|Saints Francis, Lawrence, Cosmas, John the Baptist, Damian, Anthony Abbot, and Peter|
National Gallery, London
Unlike many other doctors, Cosmas and Damian were also saints. They lived in what today is modern Turkey, where they practiced healing the sick. They may also have been color blind (!), replacing (as in the paintings shown here) a patient’s gangrenous leg with one of the wrong color. But the Florentine Filippo Lippi clearly was not, when he painted them in exquisite red colors in the company of five other saints. In the Renaissance Cosmas and Damian became the patron saints of the ruling Florentine family of the Medici, whose name is a play on the Italian word for doctor.
|A verger’s dream: Saints Cosmas and Damian performing a miraculous cure by transplantation of a leg, ca. 1495|
Attributed to the Master of Los Balbases
|Main altar of Saint Cosmas and Damian|
Dominican convent of San Marco, Florence, Italy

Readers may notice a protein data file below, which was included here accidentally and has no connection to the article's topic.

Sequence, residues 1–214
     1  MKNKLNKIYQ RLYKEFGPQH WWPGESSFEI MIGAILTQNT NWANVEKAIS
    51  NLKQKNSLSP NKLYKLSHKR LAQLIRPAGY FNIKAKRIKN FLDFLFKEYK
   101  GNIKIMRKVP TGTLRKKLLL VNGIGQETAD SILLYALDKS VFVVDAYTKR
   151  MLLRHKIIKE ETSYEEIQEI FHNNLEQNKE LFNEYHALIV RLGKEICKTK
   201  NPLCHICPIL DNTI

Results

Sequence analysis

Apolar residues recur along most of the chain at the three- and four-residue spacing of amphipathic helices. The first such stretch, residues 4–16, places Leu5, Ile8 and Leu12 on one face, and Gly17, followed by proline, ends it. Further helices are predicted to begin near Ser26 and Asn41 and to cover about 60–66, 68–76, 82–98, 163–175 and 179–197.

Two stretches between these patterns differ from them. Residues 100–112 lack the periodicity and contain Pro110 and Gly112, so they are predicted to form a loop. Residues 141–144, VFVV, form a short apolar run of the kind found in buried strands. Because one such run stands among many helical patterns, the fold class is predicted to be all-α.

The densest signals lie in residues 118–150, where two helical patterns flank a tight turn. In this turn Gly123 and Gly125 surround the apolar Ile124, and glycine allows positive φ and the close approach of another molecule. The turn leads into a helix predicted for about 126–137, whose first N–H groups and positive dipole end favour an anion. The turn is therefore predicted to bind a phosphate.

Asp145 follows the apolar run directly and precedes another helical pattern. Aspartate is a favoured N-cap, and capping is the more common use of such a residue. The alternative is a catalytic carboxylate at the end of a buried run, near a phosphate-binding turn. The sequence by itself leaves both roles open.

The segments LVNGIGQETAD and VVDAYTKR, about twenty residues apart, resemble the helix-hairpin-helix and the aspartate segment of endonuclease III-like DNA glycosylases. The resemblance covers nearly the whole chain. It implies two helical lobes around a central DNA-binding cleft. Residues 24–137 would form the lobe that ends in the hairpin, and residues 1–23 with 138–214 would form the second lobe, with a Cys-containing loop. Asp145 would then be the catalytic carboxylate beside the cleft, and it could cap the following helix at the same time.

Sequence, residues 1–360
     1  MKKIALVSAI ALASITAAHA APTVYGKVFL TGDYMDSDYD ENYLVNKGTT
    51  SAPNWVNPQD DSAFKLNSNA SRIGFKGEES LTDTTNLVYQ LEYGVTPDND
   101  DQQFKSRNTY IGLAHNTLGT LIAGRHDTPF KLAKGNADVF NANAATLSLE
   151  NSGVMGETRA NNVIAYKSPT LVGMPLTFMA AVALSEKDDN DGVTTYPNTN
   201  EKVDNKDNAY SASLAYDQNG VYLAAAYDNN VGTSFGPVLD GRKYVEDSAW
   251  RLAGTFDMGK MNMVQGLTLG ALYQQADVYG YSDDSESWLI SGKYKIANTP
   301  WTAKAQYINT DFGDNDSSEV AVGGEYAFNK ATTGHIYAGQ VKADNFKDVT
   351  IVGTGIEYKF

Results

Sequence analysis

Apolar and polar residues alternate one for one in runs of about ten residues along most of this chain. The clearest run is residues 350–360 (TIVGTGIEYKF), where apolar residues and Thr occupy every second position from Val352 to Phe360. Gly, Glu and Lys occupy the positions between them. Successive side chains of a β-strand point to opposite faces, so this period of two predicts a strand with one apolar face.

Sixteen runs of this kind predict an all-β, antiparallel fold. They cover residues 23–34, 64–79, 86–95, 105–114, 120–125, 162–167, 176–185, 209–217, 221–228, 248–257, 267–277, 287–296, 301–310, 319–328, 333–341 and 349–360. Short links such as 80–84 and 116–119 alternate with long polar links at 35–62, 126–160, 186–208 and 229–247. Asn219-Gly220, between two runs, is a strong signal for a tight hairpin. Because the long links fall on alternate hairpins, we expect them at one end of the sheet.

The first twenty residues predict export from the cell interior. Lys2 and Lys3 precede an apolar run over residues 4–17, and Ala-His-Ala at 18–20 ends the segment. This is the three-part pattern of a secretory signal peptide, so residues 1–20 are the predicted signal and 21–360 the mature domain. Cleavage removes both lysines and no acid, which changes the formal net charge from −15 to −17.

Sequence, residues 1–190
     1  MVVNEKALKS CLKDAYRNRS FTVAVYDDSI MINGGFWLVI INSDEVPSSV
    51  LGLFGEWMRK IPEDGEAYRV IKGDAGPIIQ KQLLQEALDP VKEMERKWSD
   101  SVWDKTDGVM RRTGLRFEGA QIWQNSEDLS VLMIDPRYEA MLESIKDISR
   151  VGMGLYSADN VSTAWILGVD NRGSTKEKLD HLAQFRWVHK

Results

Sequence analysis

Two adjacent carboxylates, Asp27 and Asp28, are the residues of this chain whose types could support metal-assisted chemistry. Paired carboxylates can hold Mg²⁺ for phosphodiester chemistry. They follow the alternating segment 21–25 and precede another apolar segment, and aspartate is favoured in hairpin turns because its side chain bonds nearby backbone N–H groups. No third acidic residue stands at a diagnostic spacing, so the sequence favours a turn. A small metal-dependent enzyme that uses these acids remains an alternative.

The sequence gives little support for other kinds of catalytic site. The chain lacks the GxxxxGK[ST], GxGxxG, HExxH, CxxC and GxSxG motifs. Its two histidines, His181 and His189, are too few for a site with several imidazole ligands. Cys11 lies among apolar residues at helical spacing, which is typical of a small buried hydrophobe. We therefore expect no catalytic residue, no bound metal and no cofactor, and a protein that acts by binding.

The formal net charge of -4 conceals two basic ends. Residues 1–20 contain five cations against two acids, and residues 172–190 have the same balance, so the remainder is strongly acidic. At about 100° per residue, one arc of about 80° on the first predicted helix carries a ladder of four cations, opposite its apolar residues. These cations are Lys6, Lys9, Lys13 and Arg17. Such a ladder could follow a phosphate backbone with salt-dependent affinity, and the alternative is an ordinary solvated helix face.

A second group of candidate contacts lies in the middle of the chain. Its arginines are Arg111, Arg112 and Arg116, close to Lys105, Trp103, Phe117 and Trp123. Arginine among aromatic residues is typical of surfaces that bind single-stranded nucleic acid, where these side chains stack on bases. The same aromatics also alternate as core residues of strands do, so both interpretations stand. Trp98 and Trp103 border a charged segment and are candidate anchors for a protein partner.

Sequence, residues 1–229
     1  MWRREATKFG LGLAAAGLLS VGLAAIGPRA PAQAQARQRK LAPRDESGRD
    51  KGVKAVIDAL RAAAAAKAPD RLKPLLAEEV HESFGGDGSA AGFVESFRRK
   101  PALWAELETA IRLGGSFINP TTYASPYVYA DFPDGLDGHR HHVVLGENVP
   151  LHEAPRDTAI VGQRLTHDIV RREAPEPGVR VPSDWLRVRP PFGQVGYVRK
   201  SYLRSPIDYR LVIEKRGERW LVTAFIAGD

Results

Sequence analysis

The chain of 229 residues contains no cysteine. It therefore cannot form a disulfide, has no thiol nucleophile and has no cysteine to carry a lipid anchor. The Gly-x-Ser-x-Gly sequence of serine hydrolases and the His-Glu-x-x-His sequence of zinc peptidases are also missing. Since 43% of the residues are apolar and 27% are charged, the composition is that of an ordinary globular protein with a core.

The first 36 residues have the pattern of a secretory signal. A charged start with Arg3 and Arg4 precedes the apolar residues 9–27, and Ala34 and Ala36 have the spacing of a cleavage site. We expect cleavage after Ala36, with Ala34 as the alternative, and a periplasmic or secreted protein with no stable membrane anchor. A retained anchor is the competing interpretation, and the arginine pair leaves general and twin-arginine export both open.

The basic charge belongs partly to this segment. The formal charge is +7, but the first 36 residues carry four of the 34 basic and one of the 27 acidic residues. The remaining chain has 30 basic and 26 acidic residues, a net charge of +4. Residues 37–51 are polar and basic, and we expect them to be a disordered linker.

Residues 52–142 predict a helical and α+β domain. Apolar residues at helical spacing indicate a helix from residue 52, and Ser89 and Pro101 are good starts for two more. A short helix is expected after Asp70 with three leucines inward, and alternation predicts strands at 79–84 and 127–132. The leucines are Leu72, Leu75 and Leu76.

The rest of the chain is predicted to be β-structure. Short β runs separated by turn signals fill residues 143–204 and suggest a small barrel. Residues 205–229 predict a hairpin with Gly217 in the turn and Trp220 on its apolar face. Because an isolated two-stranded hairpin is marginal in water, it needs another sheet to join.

of a leg by Saints Cosmas
and Damian, assisted by angels
During the persecution of Christians under the emperor Diocletian, Cosmas and Damian were arrested and ordered under torture to recant but stayed true to their faith. They were hung on a cross, stoned, and shot by arrows, then beheaded, as shown in the painting by Fra Angelico. Their three younger brothers shared in their martyrdom (ca. 287 CE). Their skulls are said to be preserved, as relics, in St. Michael’s church in Munich.
|The martyrdom of|
Saints Cosmas and Damian
Musée du Louvre, Paris
|Reliquary containing the alleged skulls of Cosmas and Damian|
St. Michael’s Church, Munich
GEORGE DUNEA, MD, Editor-in-Chief